When learning about servo motors and servo systems, you’re likely to encounter the phrase “closed-loop system.” If you’ve ever wondered what that means and how it works, you’ve come to the right place. Let’s step through some of the most common questions.
What is a closed loop? Aren’t loops always closed?
When you visualize some familiar loops we see around us—roller coasters, racetracks, key rings—they all share a basic characteristic: The end meets back up with the beginning. The same concept can apply to servo loops. The control system issues a command to the drive; the drive sends power to the motor; and the motor’s response—speed and position—are communicated back to the control system, closing the loop. The goal is for the feedback to match the command.
But what, technically speaking, closes a servo motor loop?
The one-word answer engineers often give is “feedback,” but this is only partially true. Closed-loop systems do rely on devices that provide torque, speed and position feedback, but the loop is only closed after the control does something with the feedback data.
For example, the drive control issues a command, or rather a target, telling the drive to move the motor at 1,500 rpm. The drive energizes the motor, and the motor responds. But if the feedback device communicates to the control that the motor is only moving at 500 rpm, the drive control registers an error. Here lies the heart of the servo system. Recognizing that 500 rpm is not correct, the drive control makes a new calculation for what it would take to get the motor to spin 1,500 rpm and adjusts the current accordingly.
So, what’s happening inside the drive to close the feedback control loop?
The loop is closed as feedback data enters a summing junction in the control system that calculates an error—the difference between the target and the actual—and the drive control issues a new command to compensate. All of this can happen very quickly, hundreds of times faster than the blink of an eye, and the process repeats continuously.
But what if I want to regulate something else, like torque or position versus velocity control?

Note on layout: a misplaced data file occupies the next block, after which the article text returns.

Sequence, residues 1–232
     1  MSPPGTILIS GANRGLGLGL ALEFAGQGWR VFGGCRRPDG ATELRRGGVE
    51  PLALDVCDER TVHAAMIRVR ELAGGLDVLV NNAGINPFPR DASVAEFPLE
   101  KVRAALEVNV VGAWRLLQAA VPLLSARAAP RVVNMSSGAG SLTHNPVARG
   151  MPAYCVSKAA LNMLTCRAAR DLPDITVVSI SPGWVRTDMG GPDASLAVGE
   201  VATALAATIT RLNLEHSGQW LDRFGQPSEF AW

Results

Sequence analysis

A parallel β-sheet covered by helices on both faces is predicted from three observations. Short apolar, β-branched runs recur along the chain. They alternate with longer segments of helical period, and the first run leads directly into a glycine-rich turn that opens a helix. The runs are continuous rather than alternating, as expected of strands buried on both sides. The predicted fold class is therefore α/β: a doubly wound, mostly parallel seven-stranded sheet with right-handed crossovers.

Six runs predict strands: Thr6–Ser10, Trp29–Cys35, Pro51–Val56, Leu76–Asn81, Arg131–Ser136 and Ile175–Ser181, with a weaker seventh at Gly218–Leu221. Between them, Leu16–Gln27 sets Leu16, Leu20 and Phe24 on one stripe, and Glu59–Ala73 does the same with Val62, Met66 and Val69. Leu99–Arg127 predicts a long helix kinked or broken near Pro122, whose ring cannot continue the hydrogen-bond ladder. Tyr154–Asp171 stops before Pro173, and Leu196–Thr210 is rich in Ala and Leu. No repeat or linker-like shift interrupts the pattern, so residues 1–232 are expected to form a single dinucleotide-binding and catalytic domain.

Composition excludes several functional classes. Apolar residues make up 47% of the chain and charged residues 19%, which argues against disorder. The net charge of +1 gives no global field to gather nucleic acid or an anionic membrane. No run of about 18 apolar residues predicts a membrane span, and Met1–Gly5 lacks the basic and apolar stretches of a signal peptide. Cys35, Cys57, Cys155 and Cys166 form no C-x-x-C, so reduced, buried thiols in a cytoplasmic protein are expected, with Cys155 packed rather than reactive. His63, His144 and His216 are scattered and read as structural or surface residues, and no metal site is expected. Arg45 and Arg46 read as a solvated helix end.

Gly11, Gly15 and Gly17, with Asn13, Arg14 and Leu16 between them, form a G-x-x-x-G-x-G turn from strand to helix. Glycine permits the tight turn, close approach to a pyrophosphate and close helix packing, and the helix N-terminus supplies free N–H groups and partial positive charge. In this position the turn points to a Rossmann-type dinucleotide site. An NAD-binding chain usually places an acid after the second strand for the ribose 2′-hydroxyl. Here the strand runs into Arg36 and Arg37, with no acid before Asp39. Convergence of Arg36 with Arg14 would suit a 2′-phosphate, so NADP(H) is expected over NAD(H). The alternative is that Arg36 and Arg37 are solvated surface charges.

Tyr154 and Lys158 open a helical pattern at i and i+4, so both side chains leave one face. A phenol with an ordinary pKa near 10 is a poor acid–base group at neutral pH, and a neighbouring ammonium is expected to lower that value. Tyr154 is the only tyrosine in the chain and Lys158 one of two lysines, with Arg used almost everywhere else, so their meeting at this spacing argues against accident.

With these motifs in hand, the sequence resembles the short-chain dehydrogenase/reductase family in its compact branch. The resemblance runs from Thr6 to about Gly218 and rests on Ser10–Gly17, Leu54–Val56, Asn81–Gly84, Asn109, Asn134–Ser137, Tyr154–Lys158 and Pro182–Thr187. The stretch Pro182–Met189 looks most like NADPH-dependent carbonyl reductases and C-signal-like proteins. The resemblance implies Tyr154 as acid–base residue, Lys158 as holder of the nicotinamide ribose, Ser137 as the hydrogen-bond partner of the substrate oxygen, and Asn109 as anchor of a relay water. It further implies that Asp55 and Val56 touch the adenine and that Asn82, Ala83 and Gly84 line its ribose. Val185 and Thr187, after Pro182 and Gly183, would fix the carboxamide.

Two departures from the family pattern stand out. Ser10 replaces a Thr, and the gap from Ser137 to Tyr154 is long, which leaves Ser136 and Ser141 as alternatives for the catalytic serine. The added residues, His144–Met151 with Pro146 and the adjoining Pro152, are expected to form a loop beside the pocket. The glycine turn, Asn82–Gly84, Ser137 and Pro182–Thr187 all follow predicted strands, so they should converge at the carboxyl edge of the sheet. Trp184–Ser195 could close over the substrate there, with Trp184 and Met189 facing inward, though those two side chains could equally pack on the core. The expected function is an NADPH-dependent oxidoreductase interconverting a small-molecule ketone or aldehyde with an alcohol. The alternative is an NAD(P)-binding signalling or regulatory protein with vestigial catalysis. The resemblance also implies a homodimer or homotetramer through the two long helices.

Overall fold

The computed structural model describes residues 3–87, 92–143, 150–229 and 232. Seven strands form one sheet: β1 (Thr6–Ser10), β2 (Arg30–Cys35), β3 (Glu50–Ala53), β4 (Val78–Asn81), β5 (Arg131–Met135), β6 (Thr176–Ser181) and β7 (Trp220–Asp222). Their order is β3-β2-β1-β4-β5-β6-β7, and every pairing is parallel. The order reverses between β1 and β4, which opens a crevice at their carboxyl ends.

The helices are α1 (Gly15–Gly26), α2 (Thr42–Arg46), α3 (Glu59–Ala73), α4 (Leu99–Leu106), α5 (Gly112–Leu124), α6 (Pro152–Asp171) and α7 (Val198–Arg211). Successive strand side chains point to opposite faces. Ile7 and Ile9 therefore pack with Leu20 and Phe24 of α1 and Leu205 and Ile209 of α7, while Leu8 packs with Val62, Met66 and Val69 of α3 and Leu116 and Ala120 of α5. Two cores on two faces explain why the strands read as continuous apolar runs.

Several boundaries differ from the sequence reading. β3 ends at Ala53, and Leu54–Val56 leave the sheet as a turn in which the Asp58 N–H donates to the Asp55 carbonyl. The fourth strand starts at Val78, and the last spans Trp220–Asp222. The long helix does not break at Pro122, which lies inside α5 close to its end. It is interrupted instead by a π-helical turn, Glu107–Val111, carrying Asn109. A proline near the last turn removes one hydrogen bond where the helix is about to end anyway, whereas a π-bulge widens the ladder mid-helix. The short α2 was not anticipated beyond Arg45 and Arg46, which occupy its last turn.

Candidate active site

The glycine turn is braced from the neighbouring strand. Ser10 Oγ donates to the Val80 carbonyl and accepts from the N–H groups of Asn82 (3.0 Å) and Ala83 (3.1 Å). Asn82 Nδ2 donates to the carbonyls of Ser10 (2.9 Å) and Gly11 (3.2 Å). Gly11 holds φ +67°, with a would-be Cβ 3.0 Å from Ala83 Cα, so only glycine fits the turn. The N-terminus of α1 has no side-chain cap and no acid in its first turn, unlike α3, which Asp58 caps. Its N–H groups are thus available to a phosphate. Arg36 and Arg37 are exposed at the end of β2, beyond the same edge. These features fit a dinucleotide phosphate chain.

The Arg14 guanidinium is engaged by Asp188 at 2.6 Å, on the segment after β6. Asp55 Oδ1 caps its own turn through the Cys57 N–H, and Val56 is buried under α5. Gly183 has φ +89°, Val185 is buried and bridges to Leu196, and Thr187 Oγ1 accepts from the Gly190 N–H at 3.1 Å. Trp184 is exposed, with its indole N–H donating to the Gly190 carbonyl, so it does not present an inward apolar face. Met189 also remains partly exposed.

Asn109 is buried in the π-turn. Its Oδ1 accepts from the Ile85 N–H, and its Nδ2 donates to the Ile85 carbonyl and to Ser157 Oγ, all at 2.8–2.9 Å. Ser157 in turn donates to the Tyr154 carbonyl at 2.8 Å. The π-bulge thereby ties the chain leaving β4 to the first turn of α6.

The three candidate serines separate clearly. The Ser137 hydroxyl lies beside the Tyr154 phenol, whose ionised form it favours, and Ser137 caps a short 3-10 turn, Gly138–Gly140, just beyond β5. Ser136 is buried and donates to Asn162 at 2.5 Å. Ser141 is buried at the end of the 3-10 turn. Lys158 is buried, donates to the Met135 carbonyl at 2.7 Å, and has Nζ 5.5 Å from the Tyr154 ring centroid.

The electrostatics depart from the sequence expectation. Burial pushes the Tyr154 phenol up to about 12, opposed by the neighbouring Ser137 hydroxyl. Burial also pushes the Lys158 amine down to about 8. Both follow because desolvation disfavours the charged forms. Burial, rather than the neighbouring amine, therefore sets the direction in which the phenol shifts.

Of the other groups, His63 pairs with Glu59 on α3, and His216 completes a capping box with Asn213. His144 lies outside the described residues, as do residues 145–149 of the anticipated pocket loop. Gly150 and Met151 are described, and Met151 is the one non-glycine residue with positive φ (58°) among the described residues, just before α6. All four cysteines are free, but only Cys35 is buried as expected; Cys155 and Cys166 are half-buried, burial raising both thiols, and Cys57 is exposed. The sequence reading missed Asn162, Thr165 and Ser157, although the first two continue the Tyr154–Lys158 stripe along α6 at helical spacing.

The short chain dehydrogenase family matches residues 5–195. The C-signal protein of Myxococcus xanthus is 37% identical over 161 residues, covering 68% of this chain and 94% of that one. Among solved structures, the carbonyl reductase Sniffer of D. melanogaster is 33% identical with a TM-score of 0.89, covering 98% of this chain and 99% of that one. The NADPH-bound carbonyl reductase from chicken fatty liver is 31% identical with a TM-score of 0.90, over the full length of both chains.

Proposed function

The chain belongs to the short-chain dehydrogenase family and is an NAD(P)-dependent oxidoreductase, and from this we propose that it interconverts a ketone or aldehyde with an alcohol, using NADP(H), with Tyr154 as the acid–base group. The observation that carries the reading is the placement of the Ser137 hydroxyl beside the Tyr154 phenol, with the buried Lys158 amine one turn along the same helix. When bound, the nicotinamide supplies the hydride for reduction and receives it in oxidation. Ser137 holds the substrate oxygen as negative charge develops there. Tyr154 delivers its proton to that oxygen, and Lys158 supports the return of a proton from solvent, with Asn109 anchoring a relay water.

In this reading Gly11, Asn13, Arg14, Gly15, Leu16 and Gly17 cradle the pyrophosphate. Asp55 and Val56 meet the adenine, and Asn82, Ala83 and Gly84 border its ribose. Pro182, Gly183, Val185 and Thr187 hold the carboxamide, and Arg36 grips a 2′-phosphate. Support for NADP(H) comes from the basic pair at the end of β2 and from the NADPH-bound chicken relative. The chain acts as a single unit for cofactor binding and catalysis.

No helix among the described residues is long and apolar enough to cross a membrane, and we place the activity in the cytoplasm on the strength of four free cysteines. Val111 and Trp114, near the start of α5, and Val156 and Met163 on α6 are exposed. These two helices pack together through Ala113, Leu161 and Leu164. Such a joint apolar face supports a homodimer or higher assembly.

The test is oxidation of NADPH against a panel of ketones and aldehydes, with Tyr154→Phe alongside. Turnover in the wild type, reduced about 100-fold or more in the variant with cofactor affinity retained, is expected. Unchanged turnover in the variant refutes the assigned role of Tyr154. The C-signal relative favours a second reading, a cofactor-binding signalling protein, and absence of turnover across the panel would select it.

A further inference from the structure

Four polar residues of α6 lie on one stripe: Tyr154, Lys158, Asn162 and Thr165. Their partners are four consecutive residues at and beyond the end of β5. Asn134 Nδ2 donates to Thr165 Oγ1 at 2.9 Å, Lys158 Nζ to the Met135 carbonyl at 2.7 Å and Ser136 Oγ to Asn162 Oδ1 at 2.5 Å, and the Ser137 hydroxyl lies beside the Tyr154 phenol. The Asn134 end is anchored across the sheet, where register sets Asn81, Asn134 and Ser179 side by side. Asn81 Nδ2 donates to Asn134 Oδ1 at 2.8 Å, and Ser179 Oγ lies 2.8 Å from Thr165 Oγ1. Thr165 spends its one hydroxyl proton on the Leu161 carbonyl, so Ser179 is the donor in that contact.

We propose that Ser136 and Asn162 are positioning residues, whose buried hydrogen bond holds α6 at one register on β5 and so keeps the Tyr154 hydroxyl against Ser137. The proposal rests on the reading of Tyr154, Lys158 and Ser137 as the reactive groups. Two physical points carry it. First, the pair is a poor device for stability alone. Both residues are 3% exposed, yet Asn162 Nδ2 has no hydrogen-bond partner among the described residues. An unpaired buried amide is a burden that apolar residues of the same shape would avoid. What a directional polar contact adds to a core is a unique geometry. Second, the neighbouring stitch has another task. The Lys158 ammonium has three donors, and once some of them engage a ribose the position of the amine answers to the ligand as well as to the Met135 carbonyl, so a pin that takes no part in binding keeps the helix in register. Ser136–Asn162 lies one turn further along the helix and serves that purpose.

For a servo system there are multiple loops. The primary loop is the current loop. Current translates to torque at the motor. The current loop in the drive receives a command, then sends current to the motor. The sensing device inside the drive measures the current and sends the value back into the summing junction. If an error exists, the drive adjusts to correct the current. But what if the target current is not correct to achieve the target velocity and/or position? This is why there are additional loops.
The second loop is the velocity loop. The feedback for this loop is typically attached to the motor or the object in motion. The feedback is sent back to the drive control. The difference here is that if a velocity error exists, the control issues a new current command into the primary current loop. In other words, the velocity loop feeds its error into the current loop. As the current changes, velocity changes, and both loops review the feedback data for errors.
The third loop is the position loop. As you can imagine, the process is the same. Target position compared to actual position results in a position error that gets sent to the velocity loop as a new command. The velocity loop works as described above to provide a target current. The three loops work simultaneously to achieve the target position.
To summarize, in order to regulate position, velocity, torque or another system parameter like pressure or tension, there must be associated feedback into one of the control loops so that the loop can be closed.
If we call this a closed-loop system, can there be an open-loop system?
Although it’s common to see the term open-loop, this could be considered a misnomer since it really means “no loop.” The reality is the loop doesn’t exist until we close it with feedback.
In an open-loop system you have an expectation of the outcome, but since you are not measuring it you really don’t know what is happening at the load. You could take an inherently open-loop system, like a stepper system, and add a feedback device for position or velocity. Essentially, you’re recognizing that potential loops exist, and you’re closing them. This does happen, and it’s why you’ll see feedback devices for steppers—usually with the phrase “servo-like” somewhere in the product description.
But then the question becomes, if you’re taking a stepper motor and closing one or more loops:
At what point should you just go with a servo system?
Good question. That’s when you should consider contacting a motion expert to discuss your specific application needs.